To make this type of garden feature really successful you should be prepared to do it over at least 12 months so that its success will still be there in 10 years
I HAVE had a question sent in by Mr Chadwick of Golcar that has been posed to me on more occasions than I care to remember in recent years but I don’t think I have ever addressed it on this page before. So here goes.
Mr Chadwick has a compost bin in his garden, but the bulk of his garden waste comes from the lawns that make up the large majority of his garden!
What he would like to know is whether there is any answer to the composting of grass cuttings? He has tried using a material known as Garotta and distributes some of the cuttings under his few shrubs.
But he is now sending the cuttings, bagged up, to Kirklees Council, through its garden waste collection system.
As with most questions there is more than one issue involved.
Grass cuttings will compost if they are mixed in roughly equal quantities with shredded paper, cardboard and coarse plant material that help to stop the grass from becoming anaerobic. They also add vital carbon to the mix.
Materials such as Garotta should not really be necessary if the compost heap has a good general mix of garden waste, is covered to keep the heat in and is never allowed to get too wet.
The brandling worms, woodlice, slugs, bacteria and fungi should then do all the work for you free of charge.
The final factor in this saga is that, with large lawns, particularly if you feed and water them regularly, you will be generating much larger quantities of lush material that are much more difficult to compost.
Lawns take more time and effort, per square metre, to care for than borders and are certainly not as interesting.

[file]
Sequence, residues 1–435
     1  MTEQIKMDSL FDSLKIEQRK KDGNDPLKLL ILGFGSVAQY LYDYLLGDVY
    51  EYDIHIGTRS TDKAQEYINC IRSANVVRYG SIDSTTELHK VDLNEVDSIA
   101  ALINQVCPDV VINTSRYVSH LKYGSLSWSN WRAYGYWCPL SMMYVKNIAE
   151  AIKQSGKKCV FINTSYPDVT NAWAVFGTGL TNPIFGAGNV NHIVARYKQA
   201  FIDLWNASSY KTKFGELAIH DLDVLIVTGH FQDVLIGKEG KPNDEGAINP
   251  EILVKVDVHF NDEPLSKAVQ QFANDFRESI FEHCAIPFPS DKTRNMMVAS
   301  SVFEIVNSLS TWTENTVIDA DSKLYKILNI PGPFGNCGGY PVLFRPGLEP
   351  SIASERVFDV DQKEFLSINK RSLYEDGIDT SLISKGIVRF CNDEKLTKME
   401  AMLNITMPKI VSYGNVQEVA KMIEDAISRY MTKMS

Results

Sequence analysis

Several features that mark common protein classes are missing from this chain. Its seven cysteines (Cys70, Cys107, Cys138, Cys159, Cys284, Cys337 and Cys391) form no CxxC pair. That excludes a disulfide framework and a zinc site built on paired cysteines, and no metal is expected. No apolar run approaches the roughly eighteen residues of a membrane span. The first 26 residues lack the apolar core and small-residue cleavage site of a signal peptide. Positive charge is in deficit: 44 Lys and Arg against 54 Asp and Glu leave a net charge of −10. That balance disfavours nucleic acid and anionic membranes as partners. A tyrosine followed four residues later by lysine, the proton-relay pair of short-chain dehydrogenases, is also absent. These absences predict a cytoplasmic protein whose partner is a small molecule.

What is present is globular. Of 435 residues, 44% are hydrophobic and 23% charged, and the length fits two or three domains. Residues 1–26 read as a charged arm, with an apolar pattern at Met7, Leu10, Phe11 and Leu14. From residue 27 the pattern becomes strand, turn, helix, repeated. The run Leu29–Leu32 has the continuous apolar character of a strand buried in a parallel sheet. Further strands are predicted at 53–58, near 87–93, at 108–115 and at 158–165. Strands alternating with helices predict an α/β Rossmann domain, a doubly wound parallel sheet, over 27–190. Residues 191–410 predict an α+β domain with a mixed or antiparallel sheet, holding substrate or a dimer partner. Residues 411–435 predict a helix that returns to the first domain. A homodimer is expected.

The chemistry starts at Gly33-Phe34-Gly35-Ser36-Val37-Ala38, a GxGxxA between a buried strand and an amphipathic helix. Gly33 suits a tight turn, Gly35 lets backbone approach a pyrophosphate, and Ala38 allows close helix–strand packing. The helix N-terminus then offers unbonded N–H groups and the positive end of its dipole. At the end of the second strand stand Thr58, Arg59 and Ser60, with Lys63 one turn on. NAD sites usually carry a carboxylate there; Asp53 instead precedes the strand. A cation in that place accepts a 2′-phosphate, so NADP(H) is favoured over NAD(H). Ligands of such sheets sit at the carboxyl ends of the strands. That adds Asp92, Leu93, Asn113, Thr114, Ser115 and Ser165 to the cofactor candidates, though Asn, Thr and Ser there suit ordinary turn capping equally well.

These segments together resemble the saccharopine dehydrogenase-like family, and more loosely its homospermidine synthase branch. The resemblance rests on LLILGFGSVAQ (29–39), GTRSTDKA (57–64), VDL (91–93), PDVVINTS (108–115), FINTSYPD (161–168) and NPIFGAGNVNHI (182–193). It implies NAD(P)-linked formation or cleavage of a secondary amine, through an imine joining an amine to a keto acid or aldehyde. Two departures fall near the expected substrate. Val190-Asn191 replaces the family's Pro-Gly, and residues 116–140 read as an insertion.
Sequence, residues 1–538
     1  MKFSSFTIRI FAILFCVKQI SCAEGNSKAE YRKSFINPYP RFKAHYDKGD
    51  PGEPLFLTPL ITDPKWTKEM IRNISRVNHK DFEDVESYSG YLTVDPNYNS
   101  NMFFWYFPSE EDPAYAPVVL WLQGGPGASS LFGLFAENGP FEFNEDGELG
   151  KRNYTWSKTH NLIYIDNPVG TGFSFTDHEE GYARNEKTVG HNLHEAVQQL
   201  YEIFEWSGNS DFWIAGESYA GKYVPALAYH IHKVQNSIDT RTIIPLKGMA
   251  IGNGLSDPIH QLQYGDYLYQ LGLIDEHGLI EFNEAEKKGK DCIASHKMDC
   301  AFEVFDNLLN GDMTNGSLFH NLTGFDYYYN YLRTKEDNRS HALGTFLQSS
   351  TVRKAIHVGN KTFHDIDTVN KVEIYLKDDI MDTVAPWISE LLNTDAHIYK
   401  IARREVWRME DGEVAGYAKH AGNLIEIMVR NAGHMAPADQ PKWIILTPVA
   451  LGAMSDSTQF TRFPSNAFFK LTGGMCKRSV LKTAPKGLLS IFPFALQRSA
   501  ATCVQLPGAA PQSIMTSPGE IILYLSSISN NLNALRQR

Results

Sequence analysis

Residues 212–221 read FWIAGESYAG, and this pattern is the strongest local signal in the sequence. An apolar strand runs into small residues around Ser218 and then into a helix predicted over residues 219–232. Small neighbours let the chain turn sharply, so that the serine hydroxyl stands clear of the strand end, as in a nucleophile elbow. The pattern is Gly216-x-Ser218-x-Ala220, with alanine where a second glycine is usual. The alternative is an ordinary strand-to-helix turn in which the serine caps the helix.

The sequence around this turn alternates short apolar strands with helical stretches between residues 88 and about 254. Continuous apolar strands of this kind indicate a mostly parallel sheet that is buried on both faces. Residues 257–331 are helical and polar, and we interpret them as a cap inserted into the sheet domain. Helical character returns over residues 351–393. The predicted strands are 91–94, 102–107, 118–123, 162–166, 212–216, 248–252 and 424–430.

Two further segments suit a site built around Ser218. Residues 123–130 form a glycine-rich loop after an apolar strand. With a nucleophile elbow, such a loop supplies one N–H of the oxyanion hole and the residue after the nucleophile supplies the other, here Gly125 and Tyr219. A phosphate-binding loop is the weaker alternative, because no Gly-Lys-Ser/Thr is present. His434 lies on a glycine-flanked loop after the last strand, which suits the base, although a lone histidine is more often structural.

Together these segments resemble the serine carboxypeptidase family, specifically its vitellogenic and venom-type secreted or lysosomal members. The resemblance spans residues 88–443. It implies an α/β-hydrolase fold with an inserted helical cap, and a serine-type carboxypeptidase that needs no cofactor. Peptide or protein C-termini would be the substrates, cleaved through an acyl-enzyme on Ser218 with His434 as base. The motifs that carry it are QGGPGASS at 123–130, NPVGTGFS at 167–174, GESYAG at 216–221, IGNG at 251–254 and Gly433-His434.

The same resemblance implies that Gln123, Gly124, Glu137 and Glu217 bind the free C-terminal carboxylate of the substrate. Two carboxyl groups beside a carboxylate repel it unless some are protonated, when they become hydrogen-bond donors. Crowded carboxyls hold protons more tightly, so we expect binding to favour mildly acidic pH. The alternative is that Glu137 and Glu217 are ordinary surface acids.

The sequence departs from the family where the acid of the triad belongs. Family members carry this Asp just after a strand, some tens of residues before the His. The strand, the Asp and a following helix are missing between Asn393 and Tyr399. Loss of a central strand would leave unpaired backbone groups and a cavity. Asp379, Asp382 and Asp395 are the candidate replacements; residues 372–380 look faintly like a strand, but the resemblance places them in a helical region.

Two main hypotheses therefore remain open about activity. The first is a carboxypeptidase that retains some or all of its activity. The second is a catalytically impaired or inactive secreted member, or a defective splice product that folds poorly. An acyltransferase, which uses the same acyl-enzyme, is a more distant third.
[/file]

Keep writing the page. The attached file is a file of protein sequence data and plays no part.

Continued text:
Mr and Mrs Bragg from Deighton have decided to turn their front garden into a gravel garden as the lawn is too small to warrant getting the lawnmower out and the garden is in full sun for most of the day.
What they want to know is how to go about preparing the ground, choosing the gravel and suppressing the weeds.
To make this type of garden feature really successful you should be prepared to do it over at least 12 months, so that its success will still be there in 10 years time. If you rush the preparation work you will regret it within a year.
Strip off the turf and stack this, grass side down, in a quiet corner in the back garden as a source of good topsoil for future use.
Cultivate the garden, removing other cultivated plants in the process, and allow a flush of weeds to grow or germinate as they wish until you have a good covering a foliage but not flowers.
This growth should then be treated with a glyphosate-based weedkiller that will kill off deep roots and top growth, as well as any young seedling weeds.
This ‘stale seed bed technique’ of weed control will protect you from weed infestation in future years.
Next, you can shape the ground and plant specimen plants to give the gravel garden some instant height and structure. These might include phormium, yucca, cordyline or specimen conifers.
The choice of suitable aggregates is vast; the best ones are usually graded, clean, rounded stones of around 200mm in size that do not wash away during heavy rain. Builders’ merchants supply these in cubic metre bags that are a lot cheaper than garden centres.
This should be spread over the levelled and firmed surface at a depth of 500 mm (2in). I would not advise you to use landscape fabrics as these tend to encourage the build-up a detritus between the fabric and the gravel, allowing ‘soil’ to form on which weeds will eventually grow.
Choose some specimen rocks to add a sense of nature to the garden and then plant selected alpine plants in the gravel to complete the picture.
See details (right) of Slack Top Nurseries for a great selection of suitable alpines for the gravel garden.
Any minor amounts of weed growth can be treated with spot treatment weedkillers or just pulled out.
If you have any questions or queries that you want help with or gardening-related subjects that you would like to discuss why not write to me at Gardening Questions, Features Office, Huddersfield Daily Examiner, PO Box A26, Queen Street South, Huddersfield HD1 3DU.